Answer the actual question
I’ve heard a lot of parents (invariably nonreligious ones) boast about their ‘tolerant’ parental approach to religion. Usually, it goes a little something like this:
“I tell my children, ‘You can believe whatever you want. If you decide to be an atheist or a Christian or a Muslim or a Buddhist or a Pastafarian or a Wiccan, I will love you regardless.'”
I realize that these parents are generally just trying to take their acceptance out of the equation. I think they are trying to tell their kids, “Choose a belief system on its own merits. Don’t believe X just because I do.”
Unfortunately, a simple “I will love you regardless” statement doesn’t convey “Choose a belief system on its own merits,” and neither is a very useful answer if the question is “What religion should I choose?”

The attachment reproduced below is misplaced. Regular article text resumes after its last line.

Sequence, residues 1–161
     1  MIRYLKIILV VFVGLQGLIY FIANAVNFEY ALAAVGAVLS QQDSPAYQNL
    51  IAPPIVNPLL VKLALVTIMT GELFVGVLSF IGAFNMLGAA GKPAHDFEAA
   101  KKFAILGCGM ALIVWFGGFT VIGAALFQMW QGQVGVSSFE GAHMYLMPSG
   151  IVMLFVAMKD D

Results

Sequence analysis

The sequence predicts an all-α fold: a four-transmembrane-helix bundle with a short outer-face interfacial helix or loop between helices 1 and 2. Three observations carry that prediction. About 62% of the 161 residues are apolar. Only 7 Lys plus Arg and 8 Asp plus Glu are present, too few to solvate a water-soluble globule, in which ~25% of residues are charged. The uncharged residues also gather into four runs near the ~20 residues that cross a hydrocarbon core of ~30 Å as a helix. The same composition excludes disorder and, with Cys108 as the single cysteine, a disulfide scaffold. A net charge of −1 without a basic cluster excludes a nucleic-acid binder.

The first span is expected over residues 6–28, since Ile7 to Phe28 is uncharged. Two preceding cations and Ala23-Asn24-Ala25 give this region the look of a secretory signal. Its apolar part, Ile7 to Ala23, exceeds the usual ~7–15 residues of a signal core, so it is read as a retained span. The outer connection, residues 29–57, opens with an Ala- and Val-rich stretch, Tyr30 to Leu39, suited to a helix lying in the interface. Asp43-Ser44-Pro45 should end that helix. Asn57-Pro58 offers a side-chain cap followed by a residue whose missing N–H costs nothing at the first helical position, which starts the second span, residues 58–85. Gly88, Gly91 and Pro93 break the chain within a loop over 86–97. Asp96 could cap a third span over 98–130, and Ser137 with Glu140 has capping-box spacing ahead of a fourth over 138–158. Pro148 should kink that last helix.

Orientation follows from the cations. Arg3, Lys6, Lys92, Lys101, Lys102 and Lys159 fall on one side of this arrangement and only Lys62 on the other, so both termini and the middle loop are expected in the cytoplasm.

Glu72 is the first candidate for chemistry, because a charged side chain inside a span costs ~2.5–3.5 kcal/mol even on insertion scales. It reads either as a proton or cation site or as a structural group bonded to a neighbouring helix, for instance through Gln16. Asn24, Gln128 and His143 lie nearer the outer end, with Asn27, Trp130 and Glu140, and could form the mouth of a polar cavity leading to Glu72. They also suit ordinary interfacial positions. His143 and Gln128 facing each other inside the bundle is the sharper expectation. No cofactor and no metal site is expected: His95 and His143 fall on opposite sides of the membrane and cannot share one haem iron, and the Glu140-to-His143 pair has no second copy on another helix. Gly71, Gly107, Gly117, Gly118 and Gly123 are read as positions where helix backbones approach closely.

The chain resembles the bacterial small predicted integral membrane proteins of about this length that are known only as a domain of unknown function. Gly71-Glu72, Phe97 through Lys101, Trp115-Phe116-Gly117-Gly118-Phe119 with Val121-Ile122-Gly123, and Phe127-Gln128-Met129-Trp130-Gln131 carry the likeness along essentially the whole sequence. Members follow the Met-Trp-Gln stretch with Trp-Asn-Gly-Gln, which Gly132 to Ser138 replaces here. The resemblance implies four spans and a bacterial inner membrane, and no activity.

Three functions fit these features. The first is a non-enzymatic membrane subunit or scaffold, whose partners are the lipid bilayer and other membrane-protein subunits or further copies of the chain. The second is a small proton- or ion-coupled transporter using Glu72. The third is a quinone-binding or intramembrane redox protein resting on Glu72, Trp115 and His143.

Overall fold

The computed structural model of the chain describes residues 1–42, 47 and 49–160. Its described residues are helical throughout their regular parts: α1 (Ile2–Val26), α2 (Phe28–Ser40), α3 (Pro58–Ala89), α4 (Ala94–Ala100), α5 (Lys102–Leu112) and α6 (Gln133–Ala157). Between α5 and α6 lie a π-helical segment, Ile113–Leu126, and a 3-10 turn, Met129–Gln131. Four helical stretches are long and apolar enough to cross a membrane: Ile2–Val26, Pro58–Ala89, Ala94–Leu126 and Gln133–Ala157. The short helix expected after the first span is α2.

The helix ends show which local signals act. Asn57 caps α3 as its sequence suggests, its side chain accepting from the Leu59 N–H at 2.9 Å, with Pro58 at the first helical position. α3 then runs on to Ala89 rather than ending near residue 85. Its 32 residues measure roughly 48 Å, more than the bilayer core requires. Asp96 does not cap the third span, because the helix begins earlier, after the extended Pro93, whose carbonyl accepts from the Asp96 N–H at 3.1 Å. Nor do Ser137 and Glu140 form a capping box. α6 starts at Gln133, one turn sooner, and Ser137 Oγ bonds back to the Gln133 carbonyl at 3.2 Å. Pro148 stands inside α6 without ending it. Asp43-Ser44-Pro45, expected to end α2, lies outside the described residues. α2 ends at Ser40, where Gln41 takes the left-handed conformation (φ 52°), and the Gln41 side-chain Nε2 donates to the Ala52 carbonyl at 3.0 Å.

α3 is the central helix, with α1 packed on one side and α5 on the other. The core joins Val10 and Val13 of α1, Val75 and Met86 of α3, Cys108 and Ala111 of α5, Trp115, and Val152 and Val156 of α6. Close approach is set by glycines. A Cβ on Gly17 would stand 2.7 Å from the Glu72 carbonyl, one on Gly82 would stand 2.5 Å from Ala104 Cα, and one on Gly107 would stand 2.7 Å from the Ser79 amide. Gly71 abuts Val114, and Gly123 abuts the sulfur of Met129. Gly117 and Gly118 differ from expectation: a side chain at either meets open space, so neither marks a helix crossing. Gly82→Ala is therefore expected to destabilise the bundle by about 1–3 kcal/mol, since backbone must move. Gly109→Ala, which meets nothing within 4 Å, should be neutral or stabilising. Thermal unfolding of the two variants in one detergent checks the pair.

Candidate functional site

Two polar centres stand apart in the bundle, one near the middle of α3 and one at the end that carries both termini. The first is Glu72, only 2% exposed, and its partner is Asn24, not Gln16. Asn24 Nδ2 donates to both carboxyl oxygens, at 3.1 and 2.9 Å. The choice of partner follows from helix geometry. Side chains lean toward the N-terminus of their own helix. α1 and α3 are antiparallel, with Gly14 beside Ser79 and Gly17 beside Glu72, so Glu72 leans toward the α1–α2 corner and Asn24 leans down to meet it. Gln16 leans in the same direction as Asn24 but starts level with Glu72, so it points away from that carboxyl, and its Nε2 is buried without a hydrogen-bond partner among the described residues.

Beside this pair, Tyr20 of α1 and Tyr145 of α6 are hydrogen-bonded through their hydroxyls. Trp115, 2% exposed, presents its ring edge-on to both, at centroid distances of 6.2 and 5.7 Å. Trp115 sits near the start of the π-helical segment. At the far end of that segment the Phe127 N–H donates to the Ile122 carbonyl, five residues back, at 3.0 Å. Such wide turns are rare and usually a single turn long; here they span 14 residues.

If your child — let’s say your daughter — is seeking your advice on belief systems, it’s probably because she wants to know which one will be best for her, not which one you will approve of. She may even be concerned with how to get to heaven or how to avoid hell. So the most respectful answer is one that addresses the actual question!
Another issue: The ‘tolerant’ approach is generally touted as superior to ‘pushing religion,’ regardless of what the parents believe . But if you believe that your child’s choice of religion has grave eternal consequences, how can you possibly see ‘tolerance’ as loving or respectful? Won’t you do whatever is in your power to ensure that your child makes the ‘right’ choice?